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Tuesday , December 18th 2018

Progressives rally forces against Farr judicial nomination

By Cash Michaels, Peacemaker Contributor / November 30, 2018

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Rev. Dr. T. Anthony Spearman, N.C. NAACP
president, with Hillary O. Shelton, director of
the NAACP Washington Bureau.

With strong signals that the Republican-led U.S. Senate may very well vote to confirm President Trump’s re-nomination of Raleigh attorney Thomas Farr, 64, to the federal bench this week, everyone from progressive activists like the N.C. NAACP, to the Congressional Black Caucus, to North Carolina’s Democratic Congressional Delegation, has mobilized to stop the vote.

Two busloads of N.C. NAACP activists from across North Carolina, led by state conference president Rev. Dr. T. Anthony Spearman, traveled to Washington, D.C. Wednesday to lobby senators on Capital Hill to either vote against Farr’s controversial judicial nomination to the U.S. District Court for the Eastern District of North Carolina, or let the nomination die with this outgoing Congress.

Farr was already approved ten months ago by the Senate Judiciary Committee, but concerned about the midterm elections, Trump pulled the nomination temporarily. Now that the elections are over, observers expect Sen. Mitch McConnell (R-Ky) to try to get as many of Trump’s judicial nominees confirmed as possible, with Farr heading the list.

What makes Farr’s nomination to the lifetime post so controversial is his documented history as an election campaign attorney for the late conservative U.S. Senator Jesse Helms (R-NC) during the 1990’s. Farr is alleged to have helped engineer a Republican so-called “ballot security” program in 1990 that attempted to suppress the Black vote statewide when Helms was first challenged by Black candidate, former Charlotte Mayor Harvey Gantt.

In addition, all three of North Carolina’s Democratic congresspeople – Alma Adams (13th), David Price (4th) and G.K. Butterfield (1st) – wrote a letter to Senate Majority Leader Mitch McConnell (R-Ky) Monday asking him to “cancel all votes” on the Farr nomination and “allow his nomination to expire in the 115th Congress…” because of troubling questions about Farr’s alleged racial past.

“Mr. Farr’s hostility to African American political participation does not end with his time with Senator Helms,” the letter to McConnell stated. “Mr. Farr was also responsible for advising the North Carolina General Assembly while it drew federal congressional districts that packed African American voters into Districts 1 and 12, a move the U.S. Supreme Court affirmed was unconstitutional. Additionally, in 2013, Mr. Farr defended North Carolina’s discriminatory voter ID law, which targeted African American voters “with almost surgical precision,” according to the U.S. Fourth Circuit Court of Appeals.”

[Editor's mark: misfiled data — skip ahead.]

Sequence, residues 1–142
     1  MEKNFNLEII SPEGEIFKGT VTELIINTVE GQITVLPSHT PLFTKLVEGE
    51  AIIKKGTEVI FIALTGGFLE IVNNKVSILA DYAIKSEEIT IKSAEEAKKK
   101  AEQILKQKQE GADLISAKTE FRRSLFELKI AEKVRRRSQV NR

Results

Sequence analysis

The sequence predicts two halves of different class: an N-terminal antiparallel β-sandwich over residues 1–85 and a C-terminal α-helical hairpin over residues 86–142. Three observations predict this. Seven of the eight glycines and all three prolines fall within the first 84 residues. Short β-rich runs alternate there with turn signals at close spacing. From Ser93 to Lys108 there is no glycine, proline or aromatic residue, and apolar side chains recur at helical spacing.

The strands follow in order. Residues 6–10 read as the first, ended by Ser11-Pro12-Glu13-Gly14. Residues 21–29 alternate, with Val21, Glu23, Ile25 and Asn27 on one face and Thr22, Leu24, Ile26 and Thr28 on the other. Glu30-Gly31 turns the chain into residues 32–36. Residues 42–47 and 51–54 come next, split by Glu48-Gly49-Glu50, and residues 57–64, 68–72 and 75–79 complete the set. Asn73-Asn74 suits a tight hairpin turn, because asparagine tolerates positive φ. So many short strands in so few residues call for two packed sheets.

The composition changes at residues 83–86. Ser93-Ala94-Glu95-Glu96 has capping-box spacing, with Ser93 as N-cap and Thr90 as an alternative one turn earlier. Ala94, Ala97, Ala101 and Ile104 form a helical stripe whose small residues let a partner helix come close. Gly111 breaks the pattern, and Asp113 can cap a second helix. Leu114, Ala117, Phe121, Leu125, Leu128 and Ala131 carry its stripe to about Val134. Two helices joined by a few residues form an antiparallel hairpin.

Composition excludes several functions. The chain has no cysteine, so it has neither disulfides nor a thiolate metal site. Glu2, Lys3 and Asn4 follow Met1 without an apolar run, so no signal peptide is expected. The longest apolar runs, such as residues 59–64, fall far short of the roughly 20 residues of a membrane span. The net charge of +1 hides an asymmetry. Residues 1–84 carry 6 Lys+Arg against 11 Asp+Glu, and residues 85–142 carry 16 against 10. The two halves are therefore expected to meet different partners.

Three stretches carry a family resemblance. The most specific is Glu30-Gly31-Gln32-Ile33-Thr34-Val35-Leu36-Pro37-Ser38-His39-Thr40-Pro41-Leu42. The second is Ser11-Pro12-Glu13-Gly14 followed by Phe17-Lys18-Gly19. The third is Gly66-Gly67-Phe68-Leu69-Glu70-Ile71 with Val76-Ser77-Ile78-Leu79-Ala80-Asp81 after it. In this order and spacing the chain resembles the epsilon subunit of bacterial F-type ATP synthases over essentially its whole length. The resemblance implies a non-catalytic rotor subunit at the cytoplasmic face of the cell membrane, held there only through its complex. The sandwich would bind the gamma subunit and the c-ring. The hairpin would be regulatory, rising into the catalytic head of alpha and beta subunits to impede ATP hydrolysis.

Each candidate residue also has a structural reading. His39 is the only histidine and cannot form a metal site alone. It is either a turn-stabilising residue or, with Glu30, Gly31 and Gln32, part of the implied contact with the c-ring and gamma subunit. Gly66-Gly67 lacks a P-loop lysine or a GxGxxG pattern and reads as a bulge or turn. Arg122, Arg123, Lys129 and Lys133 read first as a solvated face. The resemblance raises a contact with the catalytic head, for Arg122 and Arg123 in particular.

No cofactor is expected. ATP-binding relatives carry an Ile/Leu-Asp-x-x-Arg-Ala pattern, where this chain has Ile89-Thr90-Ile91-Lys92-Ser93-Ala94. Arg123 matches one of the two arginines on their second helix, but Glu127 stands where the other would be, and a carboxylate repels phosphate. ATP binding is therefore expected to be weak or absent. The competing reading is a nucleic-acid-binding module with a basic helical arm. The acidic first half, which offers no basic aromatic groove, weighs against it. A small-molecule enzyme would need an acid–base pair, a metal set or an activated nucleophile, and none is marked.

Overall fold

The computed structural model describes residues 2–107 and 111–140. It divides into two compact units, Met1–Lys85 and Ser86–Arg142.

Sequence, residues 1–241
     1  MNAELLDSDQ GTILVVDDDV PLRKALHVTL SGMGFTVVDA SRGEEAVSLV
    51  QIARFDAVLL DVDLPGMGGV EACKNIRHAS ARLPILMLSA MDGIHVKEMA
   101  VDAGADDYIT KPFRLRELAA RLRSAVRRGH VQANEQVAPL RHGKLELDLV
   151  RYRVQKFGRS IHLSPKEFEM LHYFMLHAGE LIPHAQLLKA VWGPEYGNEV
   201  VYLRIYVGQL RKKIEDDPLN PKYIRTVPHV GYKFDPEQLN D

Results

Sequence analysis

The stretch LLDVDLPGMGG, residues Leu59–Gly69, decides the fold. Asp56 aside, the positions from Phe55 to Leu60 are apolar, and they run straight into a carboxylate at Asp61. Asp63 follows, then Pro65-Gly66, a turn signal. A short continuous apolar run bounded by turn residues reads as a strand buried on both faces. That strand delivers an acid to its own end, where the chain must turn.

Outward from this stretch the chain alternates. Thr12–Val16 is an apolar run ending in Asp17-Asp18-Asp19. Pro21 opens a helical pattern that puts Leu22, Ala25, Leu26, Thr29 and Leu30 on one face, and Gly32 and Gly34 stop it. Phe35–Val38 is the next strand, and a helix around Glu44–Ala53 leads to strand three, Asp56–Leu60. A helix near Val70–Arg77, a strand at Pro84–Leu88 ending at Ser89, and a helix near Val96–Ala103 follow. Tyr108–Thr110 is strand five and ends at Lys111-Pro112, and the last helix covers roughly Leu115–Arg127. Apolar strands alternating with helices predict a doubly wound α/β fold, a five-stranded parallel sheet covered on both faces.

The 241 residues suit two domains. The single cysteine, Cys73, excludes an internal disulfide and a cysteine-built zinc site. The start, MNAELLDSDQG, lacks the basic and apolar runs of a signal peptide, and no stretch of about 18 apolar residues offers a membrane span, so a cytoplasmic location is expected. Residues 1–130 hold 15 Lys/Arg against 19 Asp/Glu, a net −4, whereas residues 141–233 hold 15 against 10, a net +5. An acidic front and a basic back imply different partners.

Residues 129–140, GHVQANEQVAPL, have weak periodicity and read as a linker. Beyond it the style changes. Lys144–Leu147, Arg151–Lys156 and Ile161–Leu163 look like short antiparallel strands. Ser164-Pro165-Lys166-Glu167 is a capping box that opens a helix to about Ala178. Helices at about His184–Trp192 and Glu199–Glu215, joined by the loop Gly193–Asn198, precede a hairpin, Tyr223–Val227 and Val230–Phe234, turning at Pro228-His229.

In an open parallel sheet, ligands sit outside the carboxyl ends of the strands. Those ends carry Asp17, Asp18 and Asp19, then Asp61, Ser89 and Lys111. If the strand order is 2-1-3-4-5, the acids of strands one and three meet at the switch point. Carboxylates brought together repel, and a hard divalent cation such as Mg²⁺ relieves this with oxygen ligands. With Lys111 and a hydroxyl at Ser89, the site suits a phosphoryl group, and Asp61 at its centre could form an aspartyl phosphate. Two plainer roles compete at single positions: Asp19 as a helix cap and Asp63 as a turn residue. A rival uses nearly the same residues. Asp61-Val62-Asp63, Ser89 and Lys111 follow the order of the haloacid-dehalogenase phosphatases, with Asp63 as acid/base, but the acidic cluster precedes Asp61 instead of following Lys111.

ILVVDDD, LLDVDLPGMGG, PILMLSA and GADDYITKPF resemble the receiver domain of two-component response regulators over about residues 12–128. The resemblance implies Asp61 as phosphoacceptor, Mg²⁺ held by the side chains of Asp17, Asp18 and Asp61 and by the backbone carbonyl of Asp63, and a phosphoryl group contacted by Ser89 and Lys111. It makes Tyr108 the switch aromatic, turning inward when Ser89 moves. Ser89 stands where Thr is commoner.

The Eastern District of North Carolina is comprised of 44 out of the state’s 100 counties, and has had the nation’s longest judicial vacancy. But even though the district also has a Black population of more than 25 percent, it has never had a Black judge. In fact, Pres. Obama nominated two Black female candidates for the post before he left office, but North Carolina’s Republican U.S. Sen. Richard Burr ‘blue slipped’ or blocked the nominations from getting Senate consideration.

Both Burr and Thom Tillis, North Carolina’s junior Republican senator, not only back Farr enthusiastically, but defend him vigorously, saying that the “left’s attacks” on Farr are “unwarranted.”

Allowing Farr to become a federal judge, not only because of his history with Helms, but his later efforts on behalf of the N.C. Republican Party to establish voter ID and racial gerrymandering, would be unthinkable, says Dr. Spearman.

“Tom Farr in the Eastern District with the legal authority to decide the fate of African Americans — hear me somebody — is tantamount to Adolf Hitler wreaking havoc among our Jewish sisters and brothers, and Saul, who later became the apostle Paul, breathing out cruelty to Christians,” Spearman told reporters last March after going to Washington to protest after Pres. Trump first nominated Farr.

When he went to D.C. earlier this year, Spearman was hopeful that Republican senators Susan Collins of Maine, Jeff Flake of Arizona and Tim Scott of South Carolina, might buck their party, and join the 49 Senate Democrats in voting against Farr’s nomination.

On Tuesday, a number of national civil rights leaders, including former North Carolina NAACP Pres. Rev. William Barber, joined the Congressional Black Caucus and the North Carolina Democratic Congressional Delegation in calling for the U.S. Senate not to confirm Thomas Farr.




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